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Zoning change approved at joint city, county meeting


Tammy Holt-Still speaks during public comment at a joint Reno City Council and Washoe County Commission meeting. Photo: Tabitha Mueller

By Tabitha Mueller

Reno City Council and the Washoe County Board of Commissioners held a concurrent special meeting on Tuesday, Nov. 5 to review a master plan amendment for just one acre of land. Officials approved the designation of a roughly one acre piece of land located off of Lemmon Drive and Buck Drive from “Medium Density Suburban/Suburban Residential” to “Commercial.”

After voting 3-1 to approve the master plan amendment, the Washoe County Commissioners voted unanimously to approve the regulatory zone amendment on the same piece of property from “Medium Density Suburban” to “General Commercial” use for case number WRZA19-0001.

The Washoe County Planning Commission and Reno City Planning Commission recommended approval of the amendments after a joint public hearing May 7, 2019.

Both Reno City Council and the Washoe County Board of Commissioners were required to review the amendments because the property under scrutiny lies within the Reno-Stead Corridor Joint Plan, which falls under the jurisdiction of both Washoe County and the City of Reno.

“We’ve got certain areas where Washoe County and the City of Reno abut each other [and this piece of property is in one of those areas]…So both boards need[ed] to come together,” said Dave Solaro, interim county manager.

The owners of the one-acre property, Alan and Debra Squalia, represented by Christy Corporation, applied for the amendment.

According to Washoe County’s planner Chris Bronczyk’s opening presentation, the change from a residential lot to a commercial one will not have negative impacts on the land.

“There’s not any additional negative impact [as a result of the change]. It’s just a swap,” said Bronczyk.

The one acre parcel of land discussed for rezoning. Image: Washoe County

Mixed support for zoning changes

Tammy Holt-Still, a concerned citizen, showed the council an infographic about how high-density lots increase storm water runoff and voiced her concerns about polluted runoff from the property post-commercialization flowing into Swan Lake.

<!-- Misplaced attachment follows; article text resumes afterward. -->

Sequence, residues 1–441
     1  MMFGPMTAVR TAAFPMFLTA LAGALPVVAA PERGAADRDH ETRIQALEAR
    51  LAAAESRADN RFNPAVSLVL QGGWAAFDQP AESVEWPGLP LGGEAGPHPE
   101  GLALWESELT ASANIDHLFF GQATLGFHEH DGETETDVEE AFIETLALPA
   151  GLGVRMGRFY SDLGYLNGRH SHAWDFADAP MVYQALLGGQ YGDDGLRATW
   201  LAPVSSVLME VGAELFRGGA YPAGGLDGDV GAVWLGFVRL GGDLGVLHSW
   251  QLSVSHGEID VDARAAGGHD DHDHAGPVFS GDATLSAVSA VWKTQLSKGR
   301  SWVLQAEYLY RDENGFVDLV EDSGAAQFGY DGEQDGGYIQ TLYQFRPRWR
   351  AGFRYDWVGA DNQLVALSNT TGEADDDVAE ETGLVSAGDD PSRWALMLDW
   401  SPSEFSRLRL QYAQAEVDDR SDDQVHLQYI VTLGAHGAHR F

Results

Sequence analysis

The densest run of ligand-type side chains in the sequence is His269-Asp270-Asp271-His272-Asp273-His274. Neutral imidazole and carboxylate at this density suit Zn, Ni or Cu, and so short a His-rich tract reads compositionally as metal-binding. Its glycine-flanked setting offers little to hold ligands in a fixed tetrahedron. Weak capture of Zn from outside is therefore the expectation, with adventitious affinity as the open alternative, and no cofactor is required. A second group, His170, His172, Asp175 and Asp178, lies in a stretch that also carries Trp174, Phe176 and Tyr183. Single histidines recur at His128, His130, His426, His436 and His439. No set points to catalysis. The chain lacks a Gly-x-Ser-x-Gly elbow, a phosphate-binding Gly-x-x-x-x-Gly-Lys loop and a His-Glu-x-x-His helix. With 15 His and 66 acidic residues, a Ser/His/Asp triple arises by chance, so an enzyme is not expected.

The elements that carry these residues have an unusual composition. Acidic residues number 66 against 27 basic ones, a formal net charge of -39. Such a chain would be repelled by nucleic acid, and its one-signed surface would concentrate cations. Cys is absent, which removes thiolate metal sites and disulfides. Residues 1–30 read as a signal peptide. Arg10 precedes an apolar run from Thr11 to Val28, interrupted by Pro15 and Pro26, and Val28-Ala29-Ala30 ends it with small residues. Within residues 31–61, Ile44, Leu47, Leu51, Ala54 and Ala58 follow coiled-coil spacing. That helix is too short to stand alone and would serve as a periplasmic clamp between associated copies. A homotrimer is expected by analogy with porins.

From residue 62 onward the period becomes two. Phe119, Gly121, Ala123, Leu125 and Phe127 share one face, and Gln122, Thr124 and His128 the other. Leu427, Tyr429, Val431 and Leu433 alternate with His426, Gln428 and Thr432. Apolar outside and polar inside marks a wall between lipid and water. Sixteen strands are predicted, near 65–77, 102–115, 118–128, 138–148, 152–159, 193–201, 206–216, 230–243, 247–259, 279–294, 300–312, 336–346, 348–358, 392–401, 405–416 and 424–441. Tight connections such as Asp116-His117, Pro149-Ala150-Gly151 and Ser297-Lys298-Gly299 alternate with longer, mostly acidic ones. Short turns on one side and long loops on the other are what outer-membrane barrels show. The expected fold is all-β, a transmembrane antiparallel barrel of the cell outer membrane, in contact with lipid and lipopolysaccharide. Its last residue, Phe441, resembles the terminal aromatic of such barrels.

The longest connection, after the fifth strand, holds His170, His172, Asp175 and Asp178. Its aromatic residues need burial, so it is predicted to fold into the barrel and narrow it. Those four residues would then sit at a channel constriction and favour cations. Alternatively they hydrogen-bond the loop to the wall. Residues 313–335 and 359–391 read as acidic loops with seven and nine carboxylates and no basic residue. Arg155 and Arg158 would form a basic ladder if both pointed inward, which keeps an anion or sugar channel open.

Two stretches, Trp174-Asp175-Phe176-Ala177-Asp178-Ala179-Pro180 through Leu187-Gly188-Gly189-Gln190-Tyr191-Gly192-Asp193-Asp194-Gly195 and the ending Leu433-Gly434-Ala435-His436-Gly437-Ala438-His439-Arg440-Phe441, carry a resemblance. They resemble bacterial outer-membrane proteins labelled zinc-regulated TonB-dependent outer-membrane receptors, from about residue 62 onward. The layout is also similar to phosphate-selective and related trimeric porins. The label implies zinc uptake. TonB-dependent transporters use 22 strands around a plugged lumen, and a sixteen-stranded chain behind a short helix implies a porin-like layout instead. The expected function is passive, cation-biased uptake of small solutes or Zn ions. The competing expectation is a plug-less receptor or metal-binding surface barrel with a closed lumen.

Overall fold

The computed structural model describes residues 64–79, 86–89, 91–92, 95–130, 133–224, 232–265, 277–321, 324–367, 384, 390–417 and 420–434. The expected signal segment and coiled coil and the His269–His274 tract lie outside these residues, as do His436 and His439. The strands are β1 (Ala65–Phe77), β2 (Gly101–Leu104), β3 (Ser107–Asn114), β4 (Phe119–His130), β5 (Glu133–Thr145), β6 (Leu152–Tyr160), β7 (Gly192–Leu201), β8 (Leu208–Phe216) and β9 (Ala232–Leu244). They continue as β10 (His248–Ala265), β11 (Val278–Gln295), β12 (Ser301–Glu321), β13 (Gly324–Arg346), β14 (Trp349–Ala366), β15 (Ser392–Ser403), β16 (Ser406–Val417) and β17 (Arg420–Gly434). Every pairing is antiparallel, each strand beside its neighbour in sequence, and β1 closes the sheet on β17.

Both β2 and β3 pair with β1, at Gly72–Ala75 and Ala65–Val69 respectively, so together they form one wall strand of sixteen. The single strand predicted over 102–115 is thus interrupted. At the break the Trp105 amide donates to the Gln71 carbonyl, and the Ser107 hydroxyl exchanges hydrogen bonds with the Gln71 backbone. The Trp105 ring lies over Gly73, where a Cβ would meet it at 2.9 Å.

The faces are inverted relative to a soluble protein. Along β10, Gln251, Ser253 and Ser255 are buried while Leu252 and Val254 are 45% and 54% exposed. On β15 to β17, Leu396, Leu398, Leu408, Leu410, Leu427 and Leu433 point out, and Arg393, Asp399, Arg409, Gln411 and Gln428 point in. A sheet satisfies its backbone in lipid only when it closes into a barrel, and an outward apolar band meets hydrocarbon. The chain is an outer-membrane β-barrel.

“High density changes saturation levels and increases high runoff,” she said, adding, “This is my only dog in the fight.”

Background information on the action from the City of Reno noted that commercial uses of land in the area was favored by 71 percent of respondents to a community survey conducted as part of the creation of the Reno-Stead Corridor Joint Plan. Suggested commercial uses included office parks, restaurants, and hardware stores.

Amendment passes, despite hiccup

Commissioner Marsha Berkbigler motioned to approve the master plan amendment with Commissioner Vaughn Hartung voting for the amendment and Commissioner Jeanne Herman voting against, citing unease about runoff.

Commissioners needed a supermajority to pass the amendment, so they called Commissioner Bob Lucey, who had been following the meeting virtually. He voted for the amendment, and it passed with a majority 3-1. Commissioner Kitty Jung was not present.

Holt-Still voiced her objection to Lucey’s vote because he was not physically present in the room, and told the assembled council, “I will be taking this to the AG’s office.”

A colossal waste of time for a one-acre piece of land.”

A regional plan update adopted in October that would have placed this amendment change exclusively under Washoe County’s jurisdiction did not apply to this meeting, which was scheduled before the approval of the update.

Berkbigler alluded to this regional plan update when she noted how busy all the members present were, and said that the joint meeting was “a colossal waste of time for a one-acre piece of land.”

“In the past, we’ve had areas where the City Council will make a decision on a parcel of land in Washoe County where those people that are in Washoe County have no say. We’ve changed things a little bit with this regional plan update, which gives voice to the actual property owner within the jurisdiction that they’ve elected their elected officials,” explained Solaro.

The amendment changes for the one-acre property now go to the Regional Planning Commission for approval.

“With both boards approving this, I would assume that it would be approved again at Regional Planning,” Solaro said.

Updated: This story has been updated to indicate that the statement that the zoning would have no additional negative impact was made by Washoe County Planner Chris Bronczyk.

Tabitha Mueller
Tabitha Mueller
Tabitha Mueller is a freelance writer and multimedia journalist based out of Reno, Nevada. She is fascinated by storytelling, place, and the intersection of narrative and data analysis and holds a bachelor’s degree in Geography and English and American Literatures from Middlebury College. When she is not tracking down a story or listening to podcasts, you can find her hiking Nevada’s gorgeous terrain, perusing local bookstores, playing Quidditch, and discovering Reno’s hidden stories.